The biggest difference is the bottom line. It's smaller and does not include Perdue's proposal for a 3/4 cent sales tax increase that would generate hundreds of millions for schools.
The Republicans call for $20.2 billion in spending, while Perdue called for nearly $21 billion. The sales tax hike would have brought in just over $700 million.
Perdue's budget also called for a two-percent raise for all state workers.
The House budget also doesn't include an addition five classroom days for schools. The Senate version does - possibly setting the scene for a struggle within the GOP before the budget even gets to Perdue.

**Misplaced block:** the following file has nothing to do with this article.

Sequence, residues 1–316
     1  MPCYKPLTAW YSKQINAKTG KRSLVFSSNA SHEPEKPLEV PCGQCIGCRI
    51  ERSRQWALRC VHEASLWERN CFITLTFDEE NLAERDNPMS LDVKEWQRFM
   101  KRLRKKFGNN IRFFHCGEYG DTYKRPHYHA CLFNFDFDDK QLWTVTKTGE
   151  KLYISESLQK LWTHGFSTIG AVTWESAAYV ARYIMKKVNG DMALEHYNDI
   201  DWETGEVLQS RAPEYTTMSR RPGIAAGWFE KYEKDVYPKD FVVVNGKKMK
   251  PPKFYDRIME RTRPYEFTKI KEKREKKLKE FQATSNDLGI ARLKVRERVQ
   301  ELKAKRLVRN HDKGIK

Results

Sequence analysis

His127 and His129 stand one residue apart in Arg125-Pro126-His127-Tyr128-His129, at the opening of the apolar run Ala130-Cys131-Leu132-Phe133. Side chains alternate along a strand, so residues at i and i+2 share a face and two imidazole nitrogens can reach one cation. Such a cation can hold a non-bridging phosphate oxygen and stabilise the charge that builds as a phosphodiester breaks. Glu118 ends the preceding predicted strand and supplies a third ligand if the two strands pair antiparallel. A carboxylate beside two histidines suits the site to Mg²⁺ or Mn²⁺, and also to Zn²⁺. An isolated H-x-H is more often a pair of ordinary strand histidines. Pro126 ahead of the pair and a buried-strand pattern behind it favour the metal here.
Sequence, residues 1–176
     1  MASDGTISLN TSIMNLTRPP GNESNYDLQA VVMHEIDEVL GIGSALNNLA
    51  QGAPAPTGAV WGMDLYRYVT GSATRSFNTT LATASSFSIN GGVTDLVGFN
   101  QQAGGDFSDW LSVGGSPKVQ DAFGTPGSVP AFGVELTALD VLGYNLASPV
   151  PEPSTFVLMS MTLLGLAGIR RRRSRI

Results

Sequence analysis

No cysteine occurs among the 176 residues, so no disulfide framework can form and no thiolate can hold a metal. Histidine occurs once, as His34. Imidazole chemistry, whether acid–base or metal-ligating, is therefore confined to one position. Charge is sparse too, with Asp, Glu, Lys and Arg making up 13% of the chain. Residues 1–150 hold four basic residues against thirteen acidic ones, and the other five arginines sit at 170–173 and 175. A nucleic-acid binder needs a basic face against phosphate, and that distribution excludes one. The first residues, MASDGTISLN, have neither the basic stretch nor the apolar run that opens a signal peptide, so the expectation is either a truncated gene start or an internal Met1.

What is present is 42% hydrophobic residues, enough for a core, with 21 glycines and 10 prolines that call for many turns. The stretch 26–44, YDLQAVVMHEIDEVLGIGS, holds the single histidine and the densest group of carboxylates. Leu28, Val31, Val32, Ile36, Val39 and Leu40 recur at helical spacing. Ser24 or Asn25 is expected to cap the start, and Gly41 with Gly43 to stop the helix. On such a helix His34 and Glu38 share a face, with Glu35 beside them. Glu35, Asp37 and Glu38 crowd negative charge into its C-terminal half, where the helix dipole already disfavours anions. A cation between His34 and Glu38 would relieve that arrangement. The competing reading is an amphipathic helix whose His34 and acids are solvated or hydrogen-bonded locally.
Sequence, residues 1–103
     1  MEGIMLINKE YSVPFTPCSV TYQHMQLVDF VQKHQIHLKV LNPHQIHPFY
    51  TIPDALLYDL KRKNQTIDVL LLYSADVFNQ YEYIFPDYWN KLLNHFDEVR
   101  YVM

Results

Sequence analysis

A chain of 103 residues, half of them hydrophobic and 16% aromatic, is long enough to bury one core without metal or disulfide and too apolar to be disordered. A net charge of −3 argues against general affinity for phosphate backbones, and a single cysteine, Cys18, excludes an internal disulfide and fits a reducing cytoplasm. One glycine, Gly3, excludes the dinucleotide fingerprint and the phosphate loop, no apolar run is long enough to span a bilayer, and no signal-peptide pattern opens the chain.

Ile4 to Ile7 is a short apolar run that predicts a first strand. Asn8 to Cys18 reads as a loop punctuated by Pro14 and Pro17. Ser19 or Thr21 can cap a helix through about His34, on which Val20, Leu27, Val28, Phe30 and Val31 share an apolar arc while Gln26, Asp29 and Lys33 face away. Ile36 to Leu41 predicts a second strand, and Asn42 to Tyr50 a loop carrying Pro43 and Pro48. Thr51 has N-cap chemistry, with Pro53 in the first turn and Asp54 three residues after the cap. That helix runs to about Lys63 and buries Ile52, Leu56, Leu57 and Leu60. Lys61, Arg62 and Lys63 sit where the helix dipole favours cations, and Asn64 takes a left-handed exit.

"This time, I think there's a little more potential for the House and Senate to have some disagreements over the budget. If that comes to pass, then we might have more extended budget process than what legislative leaders have been looking for," offered Mitch Kokai with John Locke Foundation.
Because it's the second year of a biannual budget, lawmakers could take no action and there would still be a budget. There would be no government shutdown. Lawmakers have said they'd like to have the budget done so they can return home by late June.